When we picked Donna’s car up later that morning we dropped mine off, since my tires came from there too, and were only two years old. Turns out I didn’t have a pinhole. My tire had a big old nail in it, and it too is now fixed. At no cost to us.

I’ve always been an advocate of supporting local merchants, but the guys at our corner tire shop really let us down. They not only missed a screw and a nail — probably the leading cause of flats and slow leaks — they lied about fixing Donna’s leak. Twice. Worse than that, they tried to bullshit me into popping for a totally unneeded set of new tires for Donna’s car.

When Donna and I were just 20 years old we bought a three-year-old Chevy II off a used car lot in Detroit and set off for California with our infant son. Somewhere in Utah, a freeway gas station attendant yanked on our front wheel, which had a little bit of play in it, and tried to tell us our tie rods were shot. He said we’d likely lose our steering and crash if we drove much further, and that it was a stroke of luck we’d stopped for gas before it happened. He could get the job done for just a few hundred dollars … which, of course, was all we had.

Babes in the woods though we were, we knew we were being played. So we drove on. We didn’t crash. Somewhere in the back of my mind, though, those tie rods took up permanent residence. Two years later, when we finally had some money in the bank, I took the car to a Sacramento garage and asked them to replace the tie rods. They probably thought I was crazy, but they took my money.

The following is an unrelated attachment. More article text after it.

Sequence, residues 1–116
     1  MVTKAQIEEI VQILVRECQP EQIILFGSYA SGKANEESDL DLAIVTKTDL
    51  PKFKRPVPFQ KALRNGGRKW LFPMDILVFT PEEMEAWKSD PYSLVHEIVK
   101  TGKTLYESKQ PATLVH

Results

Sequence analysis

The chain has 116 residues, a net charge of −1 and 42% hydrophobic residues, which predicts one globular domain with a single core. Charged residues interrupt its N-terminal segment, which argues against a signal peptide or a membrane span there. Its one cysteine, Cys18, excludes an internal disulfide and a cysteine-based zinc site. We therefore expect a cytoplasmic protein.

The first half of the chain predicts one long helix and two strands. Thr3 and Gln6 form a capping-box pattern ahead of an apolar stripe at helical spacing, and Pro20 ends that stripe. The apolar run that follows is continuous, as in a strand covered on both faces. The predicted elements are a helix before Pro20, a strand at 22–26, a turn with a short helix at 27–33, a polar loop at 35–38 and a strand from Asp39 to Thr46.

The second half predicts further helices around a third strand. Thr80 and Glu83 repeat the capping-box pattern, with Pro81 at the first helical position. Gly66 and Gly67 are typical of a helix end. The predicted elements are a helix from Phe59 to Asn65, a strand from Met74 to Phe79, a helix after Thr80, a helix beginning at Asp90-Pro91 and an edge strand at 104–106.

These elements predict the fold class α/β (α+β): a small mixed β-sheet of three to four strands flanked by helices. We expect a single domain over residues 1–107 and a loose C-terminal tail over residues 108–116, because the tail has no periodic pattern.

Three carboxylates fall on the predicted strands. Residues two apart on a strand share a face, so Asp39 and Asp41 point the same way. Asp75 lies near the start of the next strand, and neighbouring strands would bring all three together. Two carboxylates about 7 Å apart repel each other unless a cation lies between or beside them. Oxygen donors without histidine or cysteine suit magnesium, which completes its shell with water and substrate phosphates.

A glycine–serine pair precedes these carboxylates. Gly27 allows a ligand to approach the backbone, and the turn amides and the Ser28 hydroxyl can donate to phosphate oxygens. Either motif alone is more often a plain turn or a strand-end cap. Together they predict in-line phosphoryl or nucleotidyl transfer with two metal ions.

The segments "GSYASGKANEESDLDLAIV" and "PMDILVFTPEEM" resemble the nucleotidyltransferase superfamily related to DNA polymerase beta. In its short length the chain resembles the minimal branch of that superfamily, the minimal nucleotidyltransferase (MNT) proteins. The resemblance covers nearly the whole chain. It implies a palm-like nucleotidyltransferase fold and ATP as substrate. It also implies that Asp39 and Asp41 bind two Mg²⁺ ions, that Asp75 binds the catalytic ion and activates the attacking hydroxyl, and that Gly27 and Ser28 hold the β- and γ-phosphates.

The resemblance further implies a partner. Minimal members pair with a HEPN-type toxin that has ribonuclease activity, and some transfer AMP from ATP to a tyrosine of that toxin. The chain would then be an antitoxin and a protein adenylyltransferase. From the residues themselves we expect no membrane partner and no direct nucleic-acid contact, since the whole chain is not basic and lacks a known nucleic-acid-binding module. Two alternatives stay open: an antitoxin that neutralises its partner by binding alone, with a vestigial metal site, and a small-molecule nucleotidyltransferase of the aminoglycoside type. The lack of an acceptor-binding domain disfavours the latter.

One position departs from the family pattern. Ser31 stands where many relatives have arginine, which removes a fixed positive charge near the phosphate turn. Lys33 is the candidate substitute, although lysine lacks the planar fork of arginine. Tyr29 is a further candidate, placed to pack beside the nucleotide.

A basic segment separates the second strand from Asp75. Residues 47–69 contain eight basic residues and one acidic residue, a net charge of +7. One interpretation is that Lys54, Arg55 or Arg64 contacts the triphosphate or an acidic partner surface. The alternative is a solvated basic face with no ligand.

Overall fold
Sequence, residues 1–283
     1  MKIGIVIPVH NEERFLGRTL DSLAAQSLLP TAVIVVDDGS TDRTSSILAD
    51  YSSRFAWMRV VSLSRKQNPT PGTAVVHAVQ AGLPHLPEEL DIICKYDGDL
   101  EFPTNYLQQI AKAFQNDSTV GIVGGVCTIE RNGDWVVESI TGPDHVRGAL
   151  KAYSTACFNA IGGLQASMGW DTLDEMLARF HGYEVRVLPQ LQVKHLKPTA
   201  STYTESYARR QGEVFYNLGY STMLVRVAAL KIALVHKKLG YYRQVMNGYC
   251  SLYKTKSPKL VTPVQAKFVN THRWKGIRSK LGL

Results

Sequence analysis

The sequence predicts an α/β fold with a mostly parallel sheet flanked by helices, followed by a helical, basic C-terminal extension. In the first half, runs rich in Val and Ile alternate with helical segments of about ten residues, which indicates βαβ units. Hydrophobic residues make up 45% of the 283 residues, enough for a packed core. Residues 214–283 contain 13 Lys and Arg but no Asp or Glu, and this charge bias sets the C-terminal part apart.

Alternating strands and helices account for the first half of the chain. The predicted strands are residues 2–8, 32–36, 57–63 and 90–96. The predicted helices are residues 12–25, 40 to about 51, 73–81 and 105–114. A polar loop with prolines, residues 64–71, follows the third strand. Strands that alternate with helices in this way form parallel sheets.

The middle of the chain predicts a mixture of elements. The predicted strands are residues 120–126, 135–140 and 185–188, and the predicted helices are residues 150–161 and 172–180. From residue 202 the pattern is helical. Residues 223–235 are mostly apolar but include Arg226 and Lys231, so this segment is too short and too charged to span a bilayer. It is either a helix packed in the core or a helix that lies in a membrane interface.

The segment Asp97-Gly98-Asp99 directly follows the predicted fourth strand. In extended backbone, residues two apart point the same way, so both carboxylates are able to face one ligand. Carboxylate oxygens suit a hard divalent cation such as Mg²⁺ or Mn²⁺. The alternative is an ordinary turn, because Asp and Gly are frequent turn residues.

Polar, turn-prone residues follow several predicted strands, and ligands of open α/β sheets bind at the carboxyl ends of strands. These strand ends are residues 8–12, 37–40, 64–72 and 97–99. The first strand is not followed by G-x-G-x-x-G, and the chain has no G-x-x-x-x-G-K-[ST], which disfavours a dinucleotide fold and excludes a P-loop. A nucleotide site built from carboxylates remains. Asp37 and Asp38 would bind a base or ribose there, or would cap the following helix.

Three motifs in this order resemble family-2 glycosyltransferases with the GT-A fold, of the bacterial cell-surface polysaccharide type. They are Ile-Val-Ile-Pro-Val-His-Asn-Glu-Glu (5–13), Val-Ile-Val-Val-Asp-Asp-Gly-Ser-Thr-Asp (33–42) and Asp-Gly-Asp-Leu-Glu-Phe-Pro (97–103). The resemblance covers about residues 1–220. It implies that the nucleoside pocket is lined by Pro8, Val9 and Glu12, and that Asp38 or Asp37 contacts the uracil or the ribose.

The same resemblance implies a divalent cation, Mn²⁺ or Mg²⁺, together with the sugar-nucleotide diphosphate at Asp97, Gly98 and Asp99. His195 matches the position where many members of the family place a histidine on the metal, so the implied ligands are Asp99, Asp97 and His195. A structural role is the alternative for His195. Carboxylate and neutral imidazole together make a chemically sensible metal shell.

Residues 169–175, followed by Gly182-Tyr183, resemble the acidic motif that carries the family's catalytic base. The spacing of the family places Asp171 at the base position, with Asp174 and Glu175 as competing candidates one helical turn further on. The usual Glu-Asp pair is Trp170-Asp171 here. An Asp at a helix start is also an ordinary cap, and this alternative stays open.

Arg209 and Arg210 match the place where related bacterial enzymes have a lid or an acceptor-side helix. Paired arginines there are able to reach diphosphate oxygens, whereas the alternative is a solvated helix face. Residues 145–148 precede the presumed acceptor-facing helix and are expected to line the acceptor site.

I now know somewhat more about freeway gas station scams. Tie rods ain’t the half of it. If you let ’em get under your hood they’ll cut your serpentine belt in order to sell you another. They’ll disconnect your alternator, take it out and repaint it before putting it right back in, then charge you $600 for the “new” one. They’ll cut your tires and water hoses. I may not have known what a pack of thieves they were then, but at least I did know something fishy was going on.

And here I am, 45-plus years later, a bona fide senior citizen, and those assholes at the corner tire shop — assholes I’ve been doing business with for 16 years — try to pull a freeway gas station scam on me. Try to play me like the dumbest of dumb shits who ever walked in off the street. Do I look like a mark? Do they not remember I’m a regular customer who lives in the neighborhood? Do they not care about getting repeat business?

Do they not know I have a blog?

Since I know my Tucson friends will ask, I’m talking about Jack Furrier Tire & Auto Care at Tanque Verde & Bear Canyon on Tucson’s east side. It may be that Jack Furrier shops are independently operated and that other branches are better, but I won’t be going back to find out.

Yeah, I’ll still default to local merchant mode, but not when it comes to tires. When it comes to tires the big national chain, in this case Costco, has it all over the locals. Great service, good warranties, honest business practices. And you can’t beat the price.

© 2014, Paul Woodford. All rights reserved.